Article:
“Wizkid Has A Profound Sense Of Duty To Not Just Nigeria But The African Continent” – Jidenna
Nigerian born American star, Jidenna, is presently in the country and was recently interviewed by Pulse.ng The ‘Classic man’ crooner, during his exclusive interview, talked about the rise of Afrobeat, Wizkid and of course his own kind of sound.
On Wizkid, Jidenna spoke in glowing terms about the singer, confirming that he has indeed listened to Wizkid’s new album and it sure is very good.
“We both have the same process when we are in the studio; the way we come up with melodies, the song concepts and what not. So we did some work on each other’s albums, I don’t know what will happen on it, cause you never know. It’s all a matter of time.”
“But I love working with him. He like I, has a profound sense of duty to not just Nigeria, but the African continent. He was very focused, and his new album sounds like East Africa, West Africa, South Africa, North Africa, and even Central Africa. He has different sounds, and I love that about him.”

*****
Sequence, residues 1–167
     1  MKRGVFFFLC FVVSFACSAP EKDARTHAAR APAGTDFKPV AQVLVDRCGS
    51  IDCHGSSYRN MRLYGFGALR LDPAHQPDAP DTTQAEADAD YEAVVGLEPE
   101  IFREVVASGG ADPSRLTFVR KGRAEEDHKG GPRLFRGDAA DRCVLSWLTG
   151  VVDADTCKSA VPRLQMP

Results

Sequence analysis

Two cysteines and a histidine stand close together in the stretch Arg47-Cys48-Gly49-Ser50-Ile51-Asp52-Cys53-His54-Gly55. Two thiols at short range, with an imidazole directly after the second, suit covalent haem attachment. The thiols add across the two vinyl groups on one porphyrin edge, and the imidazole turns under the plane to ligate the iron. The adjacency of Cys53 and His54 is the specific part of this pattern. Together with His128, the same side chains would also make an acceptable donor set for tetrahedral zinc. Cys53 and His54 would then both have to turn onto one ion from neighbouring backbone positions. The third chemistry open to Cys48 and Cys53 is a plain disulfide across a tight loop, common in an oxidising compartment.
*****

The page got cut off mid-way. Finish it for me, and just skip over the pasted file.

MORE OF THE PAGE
On the growth of Afrobeat:
“It’s the beginning of a larger movement for Nigeria, for Africa to move into the world’s spotlight, be respected, be more understood, be appreciated for what we bring. It’s starting with music and dance, but it’s gonna expand to everything. To me, that’s what this signifies; it’s the beginning of a turning point.
On infusing afrobeat in his latest single ‘A Little Bit More’:
“It’s a natural evolution, you know. The whole album is a variety of sounds, because I have lived in a lot of different places; in the US, in Enugu, and of course in Lagos. So I wanna make sure that each record feels like a new world. ‘Chief don’t run’ is a prequel to ‘Classic man’, and a prequel to ‘Long live the chief’. What happened? Who was Classic Man before he was a man, who was he when he was a boy? When his mom came to the US with him. So that’s what the video shows a little bit.
“The sound of ‘A little beat more’ – the Afrobeat flavor fused with some of the sounds that I’ve already been doing – it was natural, that’s what came to me that day.
When I was making the records, with people from Wondaland Records like Roman GianAurthur and Nana, who I make all the music with. For the pidgin: I am a trickster, so I like when you are on the radio in the US, and you don’t expect to hear pidgin anywhere in the US. I thought that I could sneak it in there, and I did.
So now it’s funny hearing it, because I can’t believe that I have people from Utah singing it and saying ‘What is a ‘wahala’? I like that. It’s the same thing with ‘Classic Man’, it’s all tricks you know.